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Antibiotics – Combining Pharma with Natural Substances?


Forums Forums Alternative Medicine Antibiotics – Combining Pharma with Natural Substances?

This topic contains 14 replies, has 5 voices, and was last updated by  Patrick D 3 months ago.

Viewing 15 posts - 1 through 15 (of 15 total)
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  • #299897

    Jeff C
    Participant

    Wondering if naturopathic antibiotics (such as Sarsaparilla [Smilex Medica], Burdock [Arctium lappa], etc) can enhance the effectiveness of pharmaceutical antibiotics (such as tetracyclines) or do they have the potential to interfere with them?

    #299901

    3point14rat
    Participant

    “Naturopathic” has no meaning. It doesn’t distinguish anything from anything else in a systematic way, so there’s no way of stating anything definitive about things labeled ‘naturopathic’.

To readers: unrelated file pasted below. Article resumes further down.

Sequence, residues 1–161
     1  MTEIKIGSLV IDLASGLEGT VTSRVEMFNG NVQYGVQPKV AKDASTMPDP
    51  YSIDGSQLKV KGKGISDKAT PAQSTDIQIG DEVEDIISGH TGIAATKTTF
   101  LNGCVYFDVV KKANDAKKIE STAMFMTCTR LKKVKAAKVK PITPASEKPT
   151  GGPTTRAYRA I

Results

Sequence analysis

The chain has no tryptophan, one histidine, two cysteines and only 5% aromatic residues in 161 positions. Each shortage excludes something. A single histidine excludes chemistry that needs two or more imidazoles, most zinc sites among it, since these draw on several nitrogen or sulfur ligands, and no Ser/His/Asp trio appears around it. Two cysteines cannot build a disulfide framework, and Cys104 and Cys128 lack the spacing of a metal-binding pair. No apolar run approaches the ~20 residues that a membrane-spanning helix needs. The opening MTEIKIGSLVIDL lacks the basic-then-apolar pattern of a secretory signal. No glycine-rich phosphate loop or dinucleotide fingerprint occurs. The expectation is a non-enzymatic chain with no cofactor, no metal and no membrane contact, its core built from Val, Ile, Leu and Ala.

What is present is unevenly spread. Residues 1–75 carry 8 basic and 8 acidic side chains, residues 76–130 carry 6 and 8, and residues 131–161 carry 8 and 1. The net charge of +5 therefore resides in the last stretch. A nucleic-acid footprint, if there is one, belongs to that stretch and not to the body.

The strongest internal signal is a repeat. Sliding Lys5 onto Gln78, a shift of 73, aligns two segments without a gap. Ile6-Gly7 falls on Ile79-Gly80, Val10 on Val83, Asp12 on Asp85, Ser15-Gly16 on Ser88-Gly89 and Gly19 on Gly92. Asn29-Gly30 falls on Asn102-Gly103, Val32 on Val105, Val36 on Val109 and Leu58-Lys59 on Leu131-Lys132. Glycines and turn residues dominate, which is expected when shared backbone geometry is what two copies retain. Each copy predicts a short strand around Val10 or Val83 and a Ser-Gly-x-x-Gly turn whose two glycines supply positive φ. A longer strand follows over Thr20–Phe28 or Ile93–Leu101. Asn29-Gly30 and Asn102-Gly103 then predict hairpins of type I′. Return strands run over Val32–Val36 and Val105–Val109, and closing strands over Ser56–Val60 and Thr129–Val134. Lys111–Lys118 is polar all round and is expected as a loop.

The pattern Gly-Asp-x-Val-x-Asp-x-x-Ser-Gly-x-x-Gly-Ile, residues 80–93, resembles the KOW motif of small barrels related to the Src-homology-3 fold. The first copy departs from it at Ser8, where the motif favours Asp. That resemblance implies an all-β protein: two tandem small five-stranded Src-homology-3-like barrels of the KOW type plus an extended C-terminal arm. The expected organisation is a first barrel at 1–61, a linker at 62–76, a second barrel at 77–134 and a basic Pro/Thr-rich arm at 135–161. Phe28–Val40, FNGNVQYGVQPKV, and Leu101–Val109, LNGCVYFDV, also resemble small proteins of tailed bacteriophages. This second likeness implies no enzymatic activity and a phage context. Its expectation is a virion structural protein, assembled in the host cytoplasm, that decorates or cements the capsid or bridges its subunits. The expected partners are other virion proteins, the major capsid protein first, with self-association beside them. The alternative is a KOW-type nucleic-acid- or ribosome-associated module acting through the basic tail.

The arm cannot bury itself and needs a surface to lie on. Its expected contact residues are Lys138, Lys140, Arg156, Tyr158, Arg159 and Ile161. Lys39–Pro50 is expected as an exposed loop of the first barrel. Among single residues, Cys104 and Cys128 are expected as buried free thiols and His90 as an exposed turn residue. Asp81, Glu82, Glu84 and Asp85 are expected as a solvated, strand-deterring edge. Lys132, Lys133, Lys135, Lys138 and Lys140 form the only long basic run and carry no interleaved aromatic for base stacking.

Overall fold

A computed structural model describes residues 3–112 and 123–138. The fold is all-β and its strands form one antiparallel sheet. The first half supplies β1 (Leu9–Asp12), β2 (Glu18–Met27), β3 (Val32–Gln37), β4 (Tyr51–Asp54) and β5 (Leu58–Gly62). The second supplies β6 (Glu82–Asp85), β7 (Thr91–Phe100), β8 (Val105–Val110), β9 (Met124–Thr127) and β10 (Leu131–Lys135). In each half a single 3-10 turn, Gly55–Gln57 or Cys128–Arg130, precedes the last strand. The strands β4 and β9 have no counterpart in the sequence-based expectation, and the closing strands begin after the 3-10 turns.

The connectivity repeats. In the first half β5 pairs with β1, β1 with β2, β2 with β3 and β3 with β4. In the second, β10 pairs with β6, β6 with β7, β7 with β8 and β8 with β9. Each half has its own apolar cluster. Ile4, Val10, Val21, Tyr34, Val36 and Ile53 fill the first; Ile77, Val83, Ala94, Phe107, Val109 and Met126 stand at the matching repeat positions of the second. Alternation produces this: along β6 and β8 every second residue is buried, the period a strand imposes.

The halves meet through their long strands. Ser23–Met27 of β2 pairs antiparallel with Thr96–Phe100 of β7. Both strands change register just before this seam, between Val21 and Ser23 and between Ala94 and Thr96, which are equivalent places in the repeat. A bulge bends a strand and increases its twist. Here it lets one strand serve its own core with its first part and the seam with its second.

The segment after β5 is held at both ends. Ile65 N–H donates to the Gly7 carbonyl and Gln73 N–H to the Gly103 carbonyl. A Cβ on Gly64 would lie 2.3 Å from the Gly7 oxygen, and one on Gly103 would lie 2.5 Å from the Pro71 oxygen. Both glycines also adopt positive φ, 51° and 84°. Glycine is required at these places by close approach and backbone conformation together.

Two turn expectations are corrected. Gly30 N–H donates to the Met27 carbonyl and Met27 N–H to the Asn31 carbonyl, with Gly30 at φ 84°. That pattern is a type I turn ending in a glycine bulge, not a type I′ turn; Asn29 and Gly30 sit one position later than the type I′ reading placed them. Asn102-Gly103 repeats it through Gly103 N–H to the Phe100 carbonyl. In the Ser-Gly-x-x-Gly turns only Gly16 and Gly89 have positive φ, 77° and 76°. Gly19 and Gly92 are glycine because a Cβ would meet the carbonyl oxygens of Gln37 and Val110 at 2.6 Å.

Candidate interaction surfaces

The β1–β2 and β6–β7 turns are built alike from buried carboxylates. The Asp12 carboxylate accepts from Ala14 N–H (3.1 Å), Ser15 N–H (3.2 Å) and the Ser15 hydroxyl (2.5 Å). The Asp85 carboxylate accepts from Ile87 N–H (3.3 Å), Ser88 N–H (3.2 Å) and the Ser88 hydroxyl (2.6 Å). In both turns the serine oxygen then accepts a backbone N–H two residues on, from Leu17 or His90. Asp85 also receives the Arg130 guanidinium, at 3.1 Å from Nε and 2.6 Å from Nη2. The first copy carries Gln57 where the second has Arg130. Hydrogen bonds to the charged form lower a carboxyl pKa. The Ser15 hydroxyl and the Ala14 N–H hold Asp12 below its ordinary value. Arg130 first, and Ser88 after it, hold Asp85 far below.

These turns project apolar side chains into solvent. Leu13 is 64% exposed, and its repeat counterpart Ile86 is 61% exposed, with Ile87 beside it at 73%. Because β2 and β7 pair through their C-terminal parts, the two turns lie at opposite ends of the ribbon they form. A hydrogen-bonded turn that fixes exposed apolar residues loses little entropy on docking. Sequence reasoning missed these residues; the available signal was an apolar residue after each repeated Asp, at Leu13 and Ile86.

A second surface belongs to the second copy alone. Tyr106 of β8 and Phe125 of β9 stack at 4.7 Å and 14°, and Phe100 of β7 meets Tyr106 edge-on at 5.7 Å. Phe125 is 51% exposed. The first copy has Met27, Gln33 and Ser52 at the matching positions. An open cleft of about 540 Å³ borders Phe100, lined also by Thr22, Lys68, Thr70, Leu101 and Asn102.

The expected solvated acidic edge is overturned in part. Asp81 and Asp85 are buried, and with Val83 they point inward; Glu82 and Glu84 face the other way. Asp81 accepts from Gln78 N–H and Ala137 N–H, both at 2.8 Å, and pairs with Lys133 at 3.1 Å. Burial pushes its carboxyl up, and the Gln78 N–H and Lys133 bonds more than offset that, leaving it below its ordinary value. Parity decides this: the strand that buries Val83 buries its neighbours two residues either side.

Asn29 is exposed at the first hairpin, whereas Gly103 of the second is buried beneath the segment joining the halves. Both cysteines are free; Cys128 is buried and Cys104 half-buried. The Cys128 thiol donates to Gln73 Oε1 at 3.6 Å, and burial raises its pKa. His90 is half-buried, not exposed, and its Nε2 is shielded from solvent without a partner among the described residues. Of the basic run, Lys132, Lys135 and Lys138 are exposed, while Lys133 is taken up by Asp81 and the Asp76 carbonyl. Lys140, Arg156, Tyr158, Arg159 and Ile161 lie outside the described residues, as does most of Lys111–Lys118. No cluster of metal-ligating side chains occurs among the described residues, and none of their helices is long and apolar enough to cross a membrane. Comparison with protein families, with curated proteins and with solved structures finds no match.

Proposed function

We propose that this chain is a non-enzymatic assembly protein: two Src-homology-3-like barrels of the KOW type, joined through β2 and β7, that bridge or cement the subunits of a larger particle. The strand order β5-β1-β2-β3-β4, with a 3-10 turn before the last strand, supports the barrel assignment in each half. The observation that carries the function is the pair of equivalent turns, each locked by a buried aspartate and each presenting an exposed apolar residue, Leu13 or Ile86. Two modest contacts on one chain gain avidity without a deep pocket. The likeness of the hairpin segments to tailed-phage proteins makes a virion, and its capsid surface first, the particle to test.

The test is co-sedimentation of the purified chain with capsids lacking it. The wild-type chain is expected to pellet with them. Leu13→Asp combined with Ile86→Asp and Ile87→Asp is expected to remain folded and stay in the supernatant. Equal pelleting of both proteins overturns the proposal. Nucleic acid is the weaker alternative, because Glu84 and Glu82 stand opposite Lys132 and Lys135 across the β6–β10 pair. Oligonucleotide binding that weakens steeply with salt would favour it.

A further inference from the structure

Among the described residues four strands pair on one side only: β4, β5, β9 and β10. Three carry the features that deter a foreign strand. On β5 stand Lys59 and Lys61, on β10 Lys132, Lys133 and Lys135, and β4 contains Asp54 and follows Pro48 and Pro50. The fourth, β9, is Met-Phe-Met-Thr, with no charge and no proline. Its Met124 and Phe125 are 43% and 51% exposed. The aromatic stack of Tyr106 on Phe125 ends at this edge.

All naturopathic substances are things that some people have simply decided are naturopathic- no research or rationale required. This means that everything can potentially be naturopathic. Because ‘everything’ covers a fairly broad spectrum of substances, those who claim to be naturopaths will never make a statement on this issue.

    You’ll need to look at the naturally occurring molecules in each naturopathic item and see if any will have an interaction with the pharmaceuticals. There’s no other way of knowing.

    #299902

    Jeff C
    Participant

    Your statement is basic common sense.  In my original post I named two substances for exactly the purpose of someone being able to comment about either of those two.  My guess is no research has been done to date to confirm with certainty any interactions.  I was hoping though there may be someone with anecdotal evidence obtained through some historical resorts in actually treating patients in this way.  As scientific results would of course be preferable, I am trying to collect all types of information on the subject.

    #299904

    3point14rat
    Participant

    Sorry. Your post said “such as”, so I assumed you were looking for a general answer.